You had a challenge system on the campaign. Can you tell about that?
We have created this challenges system because we wanted the ways to unlock stretch goals to be as fun and crazy as the game. Also, we wanted to keep the community aspect by involving our backers.
That’s why some of the challenges were somehow crazy, like wearing a Pigicorn cosplay in public. We were surprised in a good way to see how much people liked this system, we received pictures on social medias, kickstarters and mails everyday, it was crazy!
People were really enthusiastic about the idea to unlock stretch goals, their motivation allowed us to work even harder every day and to make them happy.
We definitely think about keeping this system for our next Kickstarter, though we think about adapting it a bit following the feedbacks we got 🙂
You have several local pickup points at several board game cafes around the world. How are you arranging that?
We have contacted hundreds board game cafes around the world before and during the campaign. We offered them to get a sample of the game to run Kill the Unicorns nights and finally had 40 of these board game cafes which will also be pick up points. It’s a good way for backers to have free shipping and for board game cafes to be known by more people. We also offer a final copy of Kill the Unicorns to board game cafes who agreed to be pick up points. A good way to satisfy everybody!
Early bird pledging is a hot topic that a lot of people have different opinions on. Why did you choose to have that?
We had a lot of people who were part of our community before the Kickstarter. We also had ambassadors on Facebook groups who helped us to translate the game and rules in few languages and who gave us feedbacks so we could improve the game. It was logical for us to offer them the possibility to buy early birds. It was a way for us to say thank you to our community.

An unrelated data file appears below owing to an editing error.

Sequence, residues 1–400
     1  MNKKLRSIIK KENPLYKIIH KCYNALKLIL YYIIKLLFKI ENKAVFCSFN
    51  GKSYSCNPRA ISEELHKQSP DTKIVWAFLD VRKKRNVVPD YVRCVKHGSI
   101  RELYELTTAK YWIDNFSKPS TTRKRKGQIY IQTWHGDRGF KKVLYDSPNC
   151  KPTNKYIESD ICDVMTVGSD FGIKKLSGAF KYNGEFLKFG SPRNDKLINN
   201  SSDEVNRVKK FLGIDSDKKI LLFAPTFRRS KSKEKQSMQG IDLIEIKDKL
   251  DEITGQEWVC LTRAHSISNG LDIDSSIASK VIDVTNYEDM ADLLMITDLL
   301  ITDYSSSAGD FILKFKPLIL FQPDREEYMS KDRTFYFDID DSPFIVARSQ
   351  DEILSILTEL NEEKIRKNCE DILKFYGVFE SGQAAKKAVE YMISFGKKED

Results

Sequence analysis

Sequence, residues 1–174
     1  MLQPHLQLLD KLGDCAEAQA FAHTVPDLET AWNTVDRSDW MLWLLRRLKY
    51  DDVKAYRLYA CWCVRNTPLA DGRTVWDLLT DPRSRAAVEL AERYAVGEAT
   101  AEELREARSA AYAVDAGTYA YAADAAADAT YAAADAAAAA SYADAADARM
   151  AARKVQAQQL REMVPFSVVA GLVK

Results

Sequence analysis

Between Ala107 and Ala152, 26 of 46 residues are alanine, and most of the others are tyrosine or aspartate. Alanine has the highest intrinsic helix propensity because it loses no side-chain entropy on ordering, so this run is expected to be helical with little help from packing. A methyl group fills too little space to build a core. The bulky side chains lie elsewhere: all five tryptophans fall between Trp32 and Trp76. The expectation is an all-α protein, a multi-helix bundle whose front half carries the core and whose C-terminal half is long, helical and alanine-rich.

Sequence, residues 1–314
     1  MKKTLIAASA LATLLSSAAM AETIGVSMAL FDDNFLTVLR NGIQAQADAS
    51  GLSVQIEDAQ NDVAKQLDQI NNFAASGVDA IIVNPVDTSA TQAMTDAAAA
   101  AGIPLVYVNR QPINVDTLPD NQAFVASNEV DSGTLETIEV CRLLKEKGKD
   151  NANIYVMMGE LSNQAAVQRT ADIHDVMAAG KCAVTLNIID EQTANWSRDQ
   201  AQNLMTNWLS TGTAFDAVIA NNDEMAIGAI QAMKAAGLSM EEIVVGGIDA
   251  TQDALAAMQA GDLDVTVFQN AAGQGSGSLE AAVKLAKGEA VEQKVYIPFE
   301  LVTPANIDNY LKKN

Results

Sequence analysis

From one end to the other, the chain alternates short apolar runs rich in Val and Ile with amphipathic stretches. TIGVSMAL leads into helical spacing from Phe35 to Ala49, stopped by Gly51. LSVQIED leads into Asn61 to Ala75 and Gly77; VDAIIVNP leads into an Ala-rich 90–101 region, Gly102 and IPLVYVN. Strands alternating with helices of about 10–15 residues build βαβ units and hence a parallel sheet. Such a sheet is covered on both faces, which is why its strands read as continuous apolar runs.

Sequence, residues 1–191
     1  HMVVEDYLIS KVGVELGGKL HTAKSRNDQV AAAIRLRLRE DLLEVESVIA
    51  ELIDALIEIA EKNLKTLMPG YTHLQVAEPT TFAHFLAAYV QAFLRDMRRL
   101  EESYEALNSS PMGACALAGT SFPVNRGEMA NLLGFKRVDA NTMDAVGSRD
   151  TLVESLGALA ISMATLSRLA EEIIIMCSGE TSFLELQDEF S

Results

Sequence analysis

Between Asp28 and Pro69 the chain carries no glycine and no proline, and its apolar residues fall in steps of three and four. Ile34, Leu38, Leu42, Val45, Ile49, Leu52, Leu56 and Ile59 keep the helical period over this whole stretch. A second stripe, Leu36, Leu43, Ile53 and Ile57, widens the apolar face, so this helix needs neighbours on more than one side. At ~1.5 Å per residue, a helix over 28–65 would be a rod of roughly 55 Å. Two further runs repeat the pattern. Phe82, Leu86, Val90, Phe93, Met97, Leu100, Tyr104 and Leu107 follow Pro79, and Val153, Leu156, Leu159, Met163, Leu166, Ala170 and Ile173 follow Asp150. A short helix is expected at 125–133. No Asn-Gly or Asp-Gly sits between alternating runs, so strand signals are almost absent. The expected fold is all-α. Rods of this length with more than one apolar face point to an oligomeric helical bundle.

What was the biggest thing you learned from the Kill the unicorns campaign?
We learned how much building and having a community by our side is important. This was possible by involving people in the project and by showing the game as many times as possible before the Kickstarter. It may be logical for some of you but when people like your game, they want to talk about it to everyone they know and that’s a very strong communication for the project.
Did you use any marketing agencies for the unicorn game. If yes, what did they do?
Yes, we have been working with the Jellop agency. They helped us to improve our digital ads on Facebook and gave us visibility. It was a helping hand for us, especially in the middle of the campaign, in which there is a little less new pledges. The Facebook ads allowed us to reach more people and to increase our fame.
What’s the best kickstarter advice you ever received?
Building a community of people before the Kickstarter and involve these people is surely the best advice we got and that we would give to people who want to do a crowdfunding project.
What do you think is the most important element of a Kickstarter page?
Without any doubt: the introduction video! We had the chance to work with the canadian youtubers “Es-tu Game?” who did our Kickstarter and how to play videos. The video is an element you cannot miss, it’s a huge way to catch the people attention and to distinguish your project.
Do you have any role models in the board gaming industry?
We have seen a lot of newcomers in the industry these last years and a lot of people impress us to be frank.
A real role model in many ways would be Regis, the CEO of Libellud, the vision he had for his games and the success he now has is a great proof of a deep understanding of the industry.
Anything else you want to add?
Thanks for your questions, we are happy to share our experience and we hope some answers will help some people who want to launch a Kickstarter!
Where can people reach you?
People can reach us on the email address firstname.lastname@example.org and our social medias. We are on Facebook, Instagram and Twitter with the user name @Morningplays.